I originally wrote this article for UNC Asheville’s student newspaper, The Blue Banner. It was published October 25, 2016. Digital scan of the issue here.

———————————————————

By Cody Jones, News Staff Writer

Since securing the presidential nomination, Hillary Clinton has catered to wealthy, high-ranking Republicans unwilling to support Donald Trump. In one of the most polarizing elections in decades, Clinton’s uninspiring progressivism and her reluctance to unite a fractured Democratic Party will only deepen the party’s divide.

More than two dozen officials from George W. Bush’s administration endorse Clinton. A dozen officials from the administrations of George H. W. Bush and Ronald Reagan are throwing in their support. Her campaign chairman trumpeted the support of 40 more high-profile Republicans within the past month. She has sought the financial support of Mitt Romney’s donors.

This is more than symbolic gesturing. Republicans who are publicly denouncing Trump and supporting Clinton, particularly those who are doing so with their money, expect something in return. Money talks. They expect a seat at the table in Clinton’s administration. In an election where Clinton is struggling to energize the base of the Democratic Party, pandering to prominent Republicans is dangerous and shortsighted.

During the primaries, Clinton pushed an inspiring, hopeful message: single-payer health care will “Never, ever come to pass.” She is one of the most hawkish members of her party and will likely expand our military involvement abroad as commander in chief in the failed War on Terror. This is an effective way to further alienate the Democratic Party’s base and dampen its morale.

Compared to Obama in 2008 and 2012, Clinton is struggling with voters between the ages of 18 and 30. She is doing much better than Trump with that demographic, but the increasing cynicism among young voters is not going to be improved by Clinton’s decision to pander to many of those on the right who have systematically obstructed and halted progress.

In 2014, Senate Republicans blocked legislation that would have increased the federal minimum wage from $7.25 to $10.10 an hour. In 2015, Senate Republicans blocked proposals that would have increased it to $12 and would have allowed employees to earn up to seven paid sick days per year. This does not seem like a party interested in the well-being of the public.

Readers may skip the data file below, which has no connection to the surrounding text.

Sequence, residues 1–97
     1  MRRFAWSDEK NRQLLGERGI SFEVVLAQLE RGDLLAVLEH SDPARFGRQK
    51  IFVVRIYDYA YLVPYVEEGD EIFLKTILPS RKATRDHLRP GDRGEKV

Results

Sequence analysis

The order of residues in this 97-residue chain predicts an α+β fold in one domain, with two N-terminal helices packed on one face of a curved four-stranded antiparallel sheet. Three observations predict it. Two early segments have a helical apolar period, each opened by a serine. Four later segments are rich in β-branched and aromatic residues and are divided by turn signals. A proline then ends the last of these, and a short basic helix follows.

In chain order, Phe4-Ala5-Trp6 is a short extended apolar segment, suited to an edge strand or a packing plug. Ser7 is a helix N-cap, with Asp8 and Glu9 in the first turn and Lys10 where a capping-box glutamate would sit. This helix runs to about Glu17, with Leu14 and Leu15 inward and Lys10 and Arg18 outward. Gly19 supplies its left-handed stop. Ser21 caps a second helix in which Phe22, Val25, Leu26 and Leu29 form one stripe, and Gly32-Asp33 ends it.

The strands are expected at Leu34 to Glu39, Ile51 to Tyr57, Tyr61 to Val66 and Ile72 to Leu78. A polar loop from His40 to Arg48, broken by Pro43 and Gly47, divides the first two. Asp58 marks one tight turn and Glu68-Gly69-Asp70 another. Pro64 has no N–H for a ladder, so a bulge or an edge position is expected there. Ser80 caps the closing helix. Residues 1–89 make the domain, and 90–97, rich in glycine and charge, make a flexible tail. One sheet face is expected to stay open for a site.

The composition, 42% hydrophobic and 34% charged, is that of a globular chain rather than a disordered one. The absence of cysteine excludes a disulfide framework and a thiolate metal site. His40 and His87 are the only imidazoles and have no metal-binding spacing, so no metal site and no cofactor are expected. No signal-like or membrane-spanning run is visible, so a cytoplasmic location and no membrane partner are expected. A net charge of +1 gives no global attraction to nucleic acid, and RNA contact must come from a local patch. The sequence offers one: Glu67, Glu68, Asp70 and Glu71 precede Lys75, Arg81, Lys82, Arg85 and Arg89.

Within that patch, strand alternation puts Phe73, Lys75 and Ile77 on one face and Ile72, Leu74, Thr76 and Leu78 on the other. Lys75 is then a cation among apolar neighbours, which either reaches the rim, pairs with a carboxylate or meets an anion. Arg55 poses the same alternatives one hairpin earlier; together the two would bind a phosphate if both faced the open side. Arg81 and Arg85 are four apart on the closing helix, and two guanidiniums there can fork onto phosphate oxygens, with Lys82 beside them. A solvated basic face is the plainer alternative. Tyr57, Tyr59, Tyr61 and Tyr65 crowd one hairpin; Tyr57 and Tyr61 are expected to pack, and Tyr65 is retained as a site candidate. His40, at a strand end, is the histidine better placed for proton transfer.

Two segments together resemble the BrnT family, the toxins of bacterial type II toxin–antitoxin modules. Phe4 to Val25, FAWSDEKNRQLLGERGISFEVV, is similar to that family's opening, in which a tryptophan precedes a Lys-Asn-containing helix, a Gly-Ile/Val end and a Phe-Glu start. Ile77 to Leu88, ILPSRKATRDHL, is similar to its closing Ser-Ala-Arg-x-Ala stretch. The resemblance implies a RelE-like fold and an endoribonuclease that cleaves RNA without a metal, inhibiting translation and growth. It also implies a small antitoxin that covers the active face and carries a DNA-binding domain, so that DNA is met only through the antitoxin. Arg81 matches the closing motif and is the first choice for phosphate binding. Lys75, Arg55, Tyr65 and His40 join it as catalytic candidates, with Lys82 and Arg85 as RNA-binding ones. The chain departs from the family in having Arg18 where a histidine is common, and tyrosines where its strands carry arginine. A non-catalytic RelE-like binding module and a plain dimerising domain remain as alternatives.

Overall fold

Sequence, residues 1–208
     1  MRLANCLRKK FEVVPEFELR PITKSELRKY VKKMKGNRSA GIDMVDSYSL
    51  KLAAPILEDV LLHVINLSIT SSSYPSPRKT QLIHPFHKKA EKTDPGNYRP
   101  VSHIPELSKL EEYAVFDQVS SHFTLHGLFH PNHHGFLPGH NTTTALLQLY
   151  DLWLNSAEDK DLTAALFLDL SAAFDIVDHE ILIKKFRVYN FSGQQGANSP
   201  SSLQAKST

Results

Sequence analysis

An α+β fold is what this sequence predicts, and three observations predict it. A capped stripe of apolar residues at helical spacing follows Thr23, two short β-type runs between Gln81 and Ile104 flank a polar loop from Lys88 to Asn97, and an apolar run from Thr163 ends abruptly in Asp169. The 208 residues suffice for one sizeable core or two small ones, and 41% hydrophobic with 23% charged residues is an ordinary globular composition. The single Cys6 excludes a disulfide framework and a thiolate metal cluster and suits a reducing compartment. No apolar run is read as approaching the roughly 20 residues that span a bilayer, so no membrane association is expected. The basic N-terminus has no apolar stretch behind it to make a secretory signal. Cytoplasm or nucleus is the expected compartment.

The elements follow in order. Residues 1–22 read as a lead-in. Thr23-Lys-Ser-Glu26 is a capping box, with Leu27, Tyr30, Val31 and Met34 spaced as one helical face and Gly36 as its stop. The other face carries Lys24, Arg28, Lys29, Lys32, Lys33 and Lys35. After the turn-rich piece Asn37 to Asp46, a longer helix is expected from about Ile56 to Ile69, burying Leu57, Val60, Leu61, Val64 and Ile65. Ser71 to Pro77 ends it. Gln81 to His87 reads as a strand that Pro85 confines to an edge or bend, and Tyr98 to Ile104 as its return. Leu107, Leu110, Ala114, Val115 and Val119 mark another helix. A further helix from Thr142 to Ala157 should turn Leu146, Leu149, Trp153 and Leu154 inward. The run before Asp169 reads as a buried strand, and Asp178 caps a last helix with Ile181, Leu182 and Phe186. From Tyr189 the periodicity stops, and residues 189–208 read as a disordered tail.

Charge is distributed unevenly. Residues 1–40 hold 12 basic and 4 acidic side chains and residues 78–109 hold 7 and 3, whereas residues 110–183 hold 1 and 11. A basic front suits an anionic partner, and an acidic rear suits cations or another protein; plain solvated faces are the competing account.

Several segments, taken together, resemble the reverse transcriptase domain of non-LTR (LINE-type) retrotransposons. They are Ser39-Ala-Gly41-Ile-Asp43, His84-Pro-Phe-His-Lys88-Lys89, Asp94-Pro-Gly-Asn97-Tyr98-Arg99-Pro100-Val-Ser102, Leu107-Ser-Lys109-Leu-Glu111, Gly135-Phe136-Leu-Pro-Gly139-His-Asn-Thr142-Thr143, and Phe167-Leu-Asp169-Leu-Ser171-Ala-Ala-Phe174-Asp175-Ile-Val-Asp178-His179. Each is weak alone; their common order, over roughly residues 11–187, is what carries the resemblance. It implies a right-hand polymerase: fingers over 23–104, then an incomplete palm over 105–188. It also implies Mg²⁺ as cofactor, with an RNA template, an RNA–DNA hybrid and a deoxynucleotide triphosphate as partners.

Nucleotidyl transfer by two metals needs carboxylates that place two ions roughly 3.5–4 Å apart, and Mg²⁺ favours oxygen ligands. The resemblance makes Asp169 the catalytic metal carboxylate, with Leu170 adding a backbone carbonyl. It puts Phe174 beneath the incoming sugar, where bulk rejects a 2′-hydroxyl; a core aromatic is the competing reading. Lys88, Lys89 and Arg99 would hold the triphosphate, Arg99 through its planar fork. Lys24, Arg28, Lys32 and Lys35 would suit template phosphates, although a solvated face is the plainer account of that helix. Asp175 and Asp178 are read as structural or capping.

A majority of Republicans, Democrats and independents think the minimum wage should be increased and the same is true of paid sick days. A gap exists between public opinion and public policy, between the typical voter and the politician representing that voter.

It would be unreasonable to expect the next president to refuse to work with Congress — work which will likely include legislative concessions simultaneously conciliatory and disappointing to both parties. That is a cornerstone of the political process. Clinton’s Republican endorsers and donors expect her to return the favor which is more worrying than ordinary compromise. If she does not follow through, they will try to ensure she is not reelected in 2020. If she does return the favor, her pragmatism may be viewed as capitulation instead of compromise and the polarization within the Democratic Party will continue.

Over the past couple of months, Clinton attempted to depict Trump as an outsider of the Republican Party, to suggest he is not representative of other Republican politicians. Now dozens of high-profile Republicans are backpedalling their support of Trump. Clinton, at least in part, allowed this to happen without consequence.

The Republicans who initially rejected Trump’s campaign, endorsed him as the nominee and then withdrew their endorsements after the release of a recording of his sexually explicit comments are now able to wash their hands of him, thanks to Clinton.

Imagine if she had spent the last several months tying the GOP to Trump instead of distancing the two. Democrats would have a better chance of winning congressional seats, thereby giving Congress a chance of legislating Clinton’s campaign promises, but that seems less likely now.

To be sure, a Trump presidency would be disastrous. His comprehension of domestic and foreign policy is lacking. He changes his political positions on a whim. His dog-whistle politics provided a lectern at which racists and sexists can amplify their voices. He does not belong in the White House, but he does represent an increasing level of dissatisfaction and frustration existing within the electorate. These feelings will not suddenly vanish if Trump is not elected.